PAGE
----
The anatomy of an Initial Coin Offering (ICO) fraud


ICO fraud

Cryptocurrency articles proliferate the headlines these days, but more often than not, the subject matter deals with victims and the losses they have sustained at the hands of clever conmen. Per one insider: “As fascinating as the crypto-sphere might be, it’s definitely not a place for the faint-hearted. Sure, cryptocurrencies have taken the world by storm, [but] in the midst of all this, there are scams, frauds, attacks, hacks, and other, similarly shady ventures.” One particular area has a greater propensity for fraud than all others in the crypto world, and it happens to be with Initial Coin Offerings (ICOs).

ICOs had their beginnings back in 2013, but their popularity as a new “crowdfunding” type scheme to raise capital did not take off until 2017, when over $7 billion was raised. Venture capital firms were wondering what had hit them. The primary issue with these fundraisings is that they are unregulated, and their “tokens” have been likened to “securities” by the regulatory establishment, their way of combating the rampant fraud within this space. The SEC and others have come down hard with hefty fines, court filings, and incarcerations. The uncertainty of the situation has slowed momentum, too.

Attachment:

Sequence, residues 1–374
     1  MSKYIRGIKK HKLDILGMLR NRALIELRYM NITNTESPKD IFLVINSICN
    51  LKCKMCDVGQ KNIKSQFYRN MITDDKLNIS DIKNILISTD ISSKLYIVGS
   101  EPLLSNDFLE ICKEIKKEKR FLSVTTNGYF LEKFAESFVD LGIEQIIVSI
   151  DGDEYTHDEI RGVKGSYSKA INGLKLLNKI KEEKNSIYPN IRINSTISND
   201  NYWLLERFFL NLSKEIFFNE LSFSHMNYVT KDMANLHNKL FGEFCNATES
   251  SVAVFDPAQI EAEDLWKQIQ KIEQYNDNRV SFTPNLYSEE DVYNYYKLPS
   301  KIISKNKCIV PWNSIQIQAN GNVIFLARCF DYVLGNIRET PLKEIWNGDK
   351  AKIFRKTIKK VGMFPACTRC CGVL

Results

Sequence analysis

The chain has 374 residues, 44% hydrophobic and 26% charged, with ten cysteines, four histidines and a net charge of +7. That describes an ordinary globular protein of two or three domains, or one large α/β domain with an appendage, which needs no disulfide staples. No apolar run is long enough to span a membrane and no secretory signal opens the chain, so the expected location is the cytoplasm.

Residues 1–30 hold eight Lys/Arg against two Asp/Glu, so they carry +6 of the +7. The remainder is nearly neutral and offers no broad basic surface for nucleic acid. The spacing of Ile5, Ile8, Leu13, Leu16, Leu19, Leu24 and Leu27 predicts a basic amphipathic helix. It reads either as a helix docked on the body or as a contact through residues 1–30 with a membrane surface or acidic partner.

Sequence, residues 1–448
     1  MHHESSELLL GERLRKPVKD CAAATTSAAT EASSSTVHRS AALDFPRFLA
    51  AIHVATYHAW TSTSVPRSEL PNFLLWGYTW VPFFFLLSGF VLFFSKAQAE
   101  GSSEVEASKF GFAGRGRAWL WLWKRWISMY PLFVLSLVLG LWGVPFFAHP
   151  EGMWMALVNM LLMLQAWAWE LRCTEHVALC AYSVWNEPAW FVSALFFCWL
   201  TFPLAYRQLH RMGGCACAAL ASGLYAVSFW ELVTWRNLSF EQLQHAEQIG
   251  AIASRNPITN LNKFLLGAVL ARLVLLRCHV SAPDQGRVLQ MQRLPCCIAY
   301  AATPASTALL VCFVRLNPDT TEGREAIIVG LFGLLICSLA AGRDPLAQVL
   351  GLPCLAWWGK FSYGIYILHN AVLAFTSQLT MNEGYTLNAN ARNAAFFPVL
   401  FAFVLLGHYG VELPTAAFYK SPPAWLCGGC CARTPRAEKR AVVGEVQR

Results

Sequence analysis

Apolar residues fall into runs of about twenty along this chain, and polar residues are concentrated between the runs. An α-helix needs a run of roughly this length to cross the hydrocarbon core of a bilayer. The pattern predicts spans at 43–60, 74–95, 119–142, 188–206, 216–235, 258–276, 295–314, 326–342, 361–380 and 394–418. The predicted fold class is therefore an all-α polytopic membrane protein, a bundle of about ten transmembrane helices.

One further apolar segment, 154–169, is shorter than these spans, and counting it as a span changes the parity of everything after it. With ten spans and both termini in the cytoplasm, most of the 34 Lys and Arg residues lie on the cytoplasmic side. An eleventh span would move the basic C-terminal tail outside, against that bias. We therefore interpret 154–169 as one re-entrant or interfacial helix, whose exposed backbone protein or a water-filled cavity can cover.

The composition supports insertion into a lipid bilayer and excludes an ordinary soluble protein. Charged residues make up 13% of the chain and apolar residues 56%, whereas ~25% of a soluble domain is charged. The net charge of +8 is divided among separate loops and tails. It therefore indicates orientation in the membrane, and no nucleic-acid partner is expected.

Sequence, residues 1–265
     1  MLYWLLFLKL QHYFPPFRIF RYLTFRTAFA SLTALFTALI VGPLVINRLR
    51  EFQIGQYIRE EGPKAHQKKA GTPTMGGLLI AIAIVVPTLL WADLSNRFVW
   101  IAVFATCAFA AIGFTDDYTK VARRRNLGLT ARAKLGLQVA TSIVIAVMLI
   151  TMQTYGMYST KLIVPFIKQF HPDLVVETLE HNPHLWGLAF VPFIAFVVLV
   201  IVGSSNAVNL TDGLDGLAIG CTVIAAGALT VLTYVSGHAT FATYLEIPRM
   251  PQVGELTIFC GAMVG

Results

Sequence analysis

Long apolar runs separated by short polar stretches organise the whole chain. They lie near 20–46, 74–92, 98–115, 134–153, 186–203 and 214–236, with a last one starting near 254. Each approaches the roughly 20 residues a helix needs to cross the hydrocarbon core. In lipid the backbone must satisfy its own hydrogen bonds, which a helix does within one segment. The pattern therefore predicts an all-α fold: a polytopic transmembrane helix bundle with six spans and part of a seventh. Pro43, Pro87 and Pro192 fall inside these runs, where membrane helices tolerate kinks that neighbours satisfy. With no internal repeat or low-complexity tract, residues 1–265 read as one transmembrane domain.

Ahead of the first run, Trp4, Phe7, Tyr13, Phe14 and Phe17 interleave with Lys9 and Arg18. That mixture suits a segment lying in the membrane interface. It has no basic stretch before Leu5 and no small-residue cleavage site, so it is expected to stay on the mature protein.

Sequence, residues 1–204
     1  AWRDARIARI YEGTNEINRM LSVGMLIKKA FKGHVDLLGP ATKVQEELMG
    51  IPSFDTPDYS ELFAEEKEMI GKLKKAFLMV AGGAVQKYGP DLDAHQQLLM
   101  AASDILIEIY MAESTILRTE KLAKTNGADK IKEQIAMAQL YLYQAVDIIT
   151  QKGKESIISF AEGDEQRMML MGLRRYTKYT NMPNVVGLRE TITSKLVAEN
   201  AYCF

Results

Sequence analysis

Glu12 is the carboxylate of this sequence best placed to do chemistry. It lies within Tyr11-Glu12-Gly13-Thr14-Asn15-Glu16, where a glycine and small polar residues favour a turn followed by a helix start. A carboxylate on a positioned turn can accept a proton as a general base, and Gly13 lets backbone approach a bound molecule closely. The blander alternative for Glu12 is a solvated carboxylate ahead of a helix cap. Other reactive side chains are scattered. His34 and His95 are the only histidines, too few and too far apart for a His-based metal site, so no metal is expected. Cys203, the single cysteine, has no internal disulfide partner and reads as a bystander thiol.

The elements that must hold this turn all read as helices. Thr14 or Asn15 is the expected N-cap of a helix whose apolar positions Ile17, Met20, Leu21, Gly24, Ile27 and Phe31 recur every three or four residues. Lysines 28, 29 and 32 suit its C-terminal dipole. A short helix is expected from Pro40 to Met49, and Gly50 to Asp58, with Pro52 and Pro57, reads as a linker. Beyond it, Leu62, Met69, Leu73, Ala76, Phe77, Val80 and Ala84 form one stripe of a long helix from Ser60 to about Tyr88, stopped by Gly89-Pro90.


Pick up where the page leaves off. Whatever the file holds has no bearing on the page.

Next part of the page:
Threats from law enforcement officials, however, have not thwarted organized crime from preying upon unsuspecting victims. One report recently posited that as many as 85% of all ICOs are fraud-based and that billions of dollars have been lost to date. In case you are curious as to how one of these charades can gain traction and trick investors from the start, let’s take a deeper look into this storyline: “Blockchain CEO faces 120 years in prison for $4M cryptocurrency scam.”

Jared Rice, the alleged criminal and CEO facing lengthy jail time, misled investors into believing that his blockchain startup, “AriseBank”, would be “the first decentralized bank to offer the first and largest cryptocurrency banking platform in the world.” His banking services would be FDIC-insured, and the bank would also issue Visa cards tied to cryptocurrency services. With little more than an idea and no formal registrations, Rice was off and running, soliciting funds from investors. Within weeks, he claimed to have raised $600 million, as opposed to $4 million in actuality, which Rice “allegedly spent on hotels, food, clothing, and other costly legal services for his family.”

Did investors complete any due diligence before paying over their Bitcoins, Ether, Litecoin, or cash? A few phone calls would have revealed that no registration had ever been filed or authorized in Texas, the base of operations for AriseBank. Anyone familiar with banking in the U.S. could have told investors that a charter must be obtained to do anything in Rice’s prospectus, if he had one at all, and that, at a minimum, he would have had to have gone through an extensive background check, if he wanted to buy an existing “de novo” charter in the marketplace.

Without a charter, there could never be FDIC insurance, nor would Visa personnel even consider doing business with his startup bank. The U.S. Department of Justice’s portal says as much. Rice has been indicted for securities and wire fraud, making fraudulent claims, and failing to disclose a previous felony conviction. The SEC shut him down in March, and Rice has pleaded guilty. Mark that down as “One” for the good guys.

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The anatomy of an Initial Coin Offering (ICO) fraud

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